Times: Reform Buddhism on the UWS of Manhattan

Not to worry. We are not converting to Reform Buddhism or any other Reform type of relgion.

In 2006 we read about Buddhism With a New Mind-Set - in the New York Times:

"Western spiritual seekers who have focused on meditation have fueled a remarkable growth in Buddhist practice in the United States. So what to do if you are part of an ancient Buddhist tradition that is huge in Asia but has failed to catch on in the United States, in part because it has no real place for meditation?"

The Times reported that Rev. T. Kenjitsu Nakagaki (they call a monk a reverend) has added meditation to his Pure Land Buddhist service in his Upper West Side NY Buddhist Church (they call a Temple a Church). If this sounds vaguely reminiscent of the Reform Judaism, or at least of assimilationist Judaism, reporter Luo makes the comparison more explicit.

"In some ways, the story line is familiar. Religious traditions have long adapted to fit changing cultural circumstances. Consider how Hanukkah, a relatively minor holiday on the Jewish religious calendar, has leaped in importance among many Jews in the face of the crush of attention surrounding Christmas in this country. But while Zen and Tibetan Buddhism — the Buddhist forms that have largely driven the religion's surge among Western practitioners — focus on meditative practices as a way to achieve enlightenment, Shin Buddhism, the Pure Land school that the Buddhist Churches of America embraces, teaches that meditation is ultimately useless because of the inherent human limitations."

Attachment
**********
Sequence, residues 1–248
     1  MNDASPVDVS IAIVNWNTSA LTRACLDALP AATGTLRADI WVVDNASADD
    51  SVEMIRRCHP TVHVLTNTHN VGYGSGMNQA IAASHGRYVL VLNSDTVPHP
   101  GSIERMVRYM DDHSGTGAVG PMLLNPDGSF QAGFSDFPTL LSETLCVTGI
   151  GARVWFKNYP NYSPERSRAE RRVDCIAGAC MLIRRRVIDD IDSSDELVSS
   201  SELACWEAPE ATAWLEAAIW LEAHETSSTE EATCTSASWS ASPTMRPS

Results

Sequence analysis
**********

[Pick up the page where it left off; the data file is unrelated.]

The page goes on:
Finding this Pure American "give-the-people-what-they-want" philosophy in Buddhism is jarring but not surprising. After all this is the Upper West Side - where women study Talmud and Pure Land Buddhists practice meditation. Wow. Anything goes. //repost from 6/13/06//


Matt said...

I know Rev. TK. He's really quite something. And Shin Buddhism, though not my style, is easy to misunderstand. (Tricycle had a recent interview, if you can find it.) But the Shin style, focusing on chanting meditation rather than "meditation," arose from an attitude of "give the people what they want" in the first place. Buddhism has been pragmatic like that for a long time. (Just don't get me started on SGI.) So, there's been no real change. Clouds come and go; the mountain remains unchanged.

Anonymous said...

what mountain?